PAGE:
The Software Association of Oregon holds a glitzy member recognition gala, part of a larger organizational transformation.
BY LINDA BAKER
In the past six months, the Software Association of Oregon has been trying to shed its stodgy image and become more relevant to the increasingly vibrant — and youthful — high-tech startup community. If last night’s 2012 Member Recognition Gala & Industry Awards is any indication, the organization is well on the way to winning a few hearts and minds.
Held in the exposed-beam warehouse space of the Left Bank Annex, the Gala affair was less an endurance test of ponderous speeches than a cocktail party with fun, smart and interesting people. Although the Gala was billed as a first annual event, a few attendees told me they had attended some iteration of the event in previous years. “But it wasn’t like this. It wasn’t as good.”
At worst, the gala was a victim of its own success. With only a smattering of tables, the standup crowd made such a din that it was virtually impossible to hear the few speeches that did mark the occasion, leaving SAO president Skip Newberry looking a bit like a mime during his opening address and compelling Mohan Nair, Chief Innovation Officer at Cambia Health Solutions, to cut his keynote short by 15 minutes and instead deliver what he claimed was an impromptu rendition of “When I Fall in Love” with the Cleveland High School Jazz Band.
I might also suggest that SAO rethink a few of their award categories, namely, the “Most Awards in a Year Award,” and the “Company Producing the Biggest Impact in the Shortest Period of Time Award.”
Here are a few of the guests with whom I mixed and mingled:
• Michael Gray, chief technology officer for GlobeSherpa, a “mobile ticketing” startup, with an app for iPhone, Android, and Blackberry that lets users purchase and use transit tickets — bus, light rail, trains, waterway — with a click of the button. A member of the Portland Seed Fund’s second class of start ups, GlobeSherpa aims to bring “sanity to mobility” in a fractured U.S. transit market, said Gray. The company expects to perform a beta test of the app in June in four yet-to-be named cities. Here’s hoping one of them is Portland, where fumbling for change on TriMet feels so 20th century.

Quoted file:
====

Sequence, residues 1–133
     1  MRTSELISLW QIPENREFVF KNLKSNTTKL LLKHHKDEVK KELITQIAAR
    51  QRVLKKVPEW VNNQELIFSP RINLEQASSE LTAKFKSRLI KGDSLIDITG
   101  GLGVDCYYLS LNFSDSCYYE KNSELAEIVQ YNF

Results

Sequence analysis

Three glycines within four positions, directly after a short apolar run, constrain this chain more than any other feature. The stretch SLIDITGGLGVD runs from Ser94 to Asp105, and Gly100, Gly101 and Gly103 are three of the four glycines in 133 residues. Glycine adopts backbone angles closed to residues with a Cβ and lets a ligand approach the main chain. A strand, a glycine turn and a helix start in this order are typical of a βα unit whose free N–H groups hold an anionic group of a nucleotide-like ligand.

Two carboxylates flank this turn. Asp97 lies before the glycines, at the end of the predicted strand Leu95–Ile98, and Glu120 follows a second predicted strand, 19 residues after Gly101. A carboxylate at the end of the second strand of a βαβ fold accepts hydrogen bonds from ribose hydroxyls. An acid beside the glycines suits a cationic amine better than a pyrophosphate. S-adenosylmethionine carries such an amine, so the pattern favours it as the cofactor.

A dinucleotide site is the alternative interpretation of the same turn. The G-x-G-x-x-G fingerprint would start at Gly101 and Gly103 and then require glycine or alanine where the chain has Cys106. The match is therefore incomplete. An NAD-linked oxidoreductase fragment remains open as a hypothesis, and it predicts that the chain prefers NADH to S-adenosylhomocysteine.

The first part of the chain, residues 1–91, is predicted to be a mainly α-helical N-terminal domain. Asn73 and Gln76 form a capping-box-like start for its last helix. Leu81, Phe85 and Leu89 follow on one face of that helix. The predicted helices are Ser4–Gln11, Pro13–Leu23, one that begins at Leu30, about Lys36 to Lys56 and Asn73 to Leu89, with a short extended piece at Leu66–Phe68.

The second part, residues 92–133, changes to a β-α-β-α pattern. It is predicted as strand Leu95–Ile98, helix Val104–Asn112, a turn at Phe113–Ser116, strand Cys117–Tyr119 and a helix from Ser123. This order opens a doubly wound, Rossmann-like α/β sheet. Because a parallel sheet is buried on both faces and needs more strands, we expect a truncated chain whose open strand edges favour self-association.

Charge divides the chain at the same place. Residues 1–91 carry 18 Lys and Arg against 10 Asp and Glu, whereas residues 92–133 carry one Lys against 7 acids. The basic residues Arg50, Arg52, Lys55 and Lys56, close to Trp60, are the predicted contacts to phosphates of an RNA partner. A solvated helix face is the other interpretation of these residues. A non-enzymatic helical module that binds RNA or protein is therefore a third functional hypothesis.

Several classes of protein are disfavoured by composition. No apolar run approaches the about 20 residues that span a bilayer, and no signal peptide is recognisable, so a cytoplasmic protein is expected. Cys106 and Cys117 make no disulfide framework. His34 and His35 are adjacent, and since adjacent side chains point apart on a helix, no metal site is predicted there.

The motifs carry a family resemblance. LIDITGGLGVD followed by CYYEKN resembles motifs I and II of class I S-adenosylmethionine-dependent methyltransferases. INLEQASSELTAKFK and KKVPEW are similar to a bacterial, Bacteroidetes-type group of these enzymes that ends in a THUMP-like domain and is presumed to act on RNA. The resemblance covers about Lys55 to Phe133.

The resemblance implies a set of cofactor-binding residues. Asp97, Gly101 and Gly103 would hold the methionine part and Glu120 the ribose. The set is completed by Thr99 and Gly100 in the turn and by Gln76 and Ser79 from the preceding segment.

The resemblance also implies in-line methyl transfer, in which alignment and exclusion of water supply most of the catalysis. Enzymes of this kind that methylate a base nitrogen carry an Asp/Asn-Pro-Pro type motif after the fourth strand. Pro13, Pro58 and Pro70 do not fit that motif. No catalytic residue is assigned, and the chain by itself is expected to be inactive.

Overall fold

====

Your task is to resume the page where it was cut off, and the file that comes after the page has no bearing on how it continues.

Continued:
• Aimee Fahey, recruiter for Puppet Labs, who is on a mission to fill 15 new positions, from systems administrators to software developers. The company, which had 40 employees last year, will have 100 when the hiring spree is over. “We’re big enough that we provide a career path but still have the startup feel,” Fahey said.
• Zachary Hudson, an 18-year-old Amity High School senior and Techstart Student Technologist of the Year, who told me about his senior project: a 16-inch quadcopter flying robot that uses four propellers controlled independently by a microprocessor and gyro to stabilize and fly. “We’ve demonstrated proof of concept,” Hudson said, handing me his business card.
Hudson might be considered part of an SAO gala education theme, if one could say there was a theme. After initially failing to make his voice heard, Newberry did succeed in silencing the crowd so he could discuss the “importance of education.” Noting that his own kids are going to be competing for jobs with kids all over the country, as well as in China and India, Newberry called on guests to invest time and money in local schools and community programs. “Now is the time,” he said.
Set against a backdrop of never-ending budget cuts in Portland public schools, Newberry’s call to arms was a welcome if somber contribution to an otherwise sparkling upbeat celebration of the region’s tech community.
Linda Baker is managing editor of Oregon Business.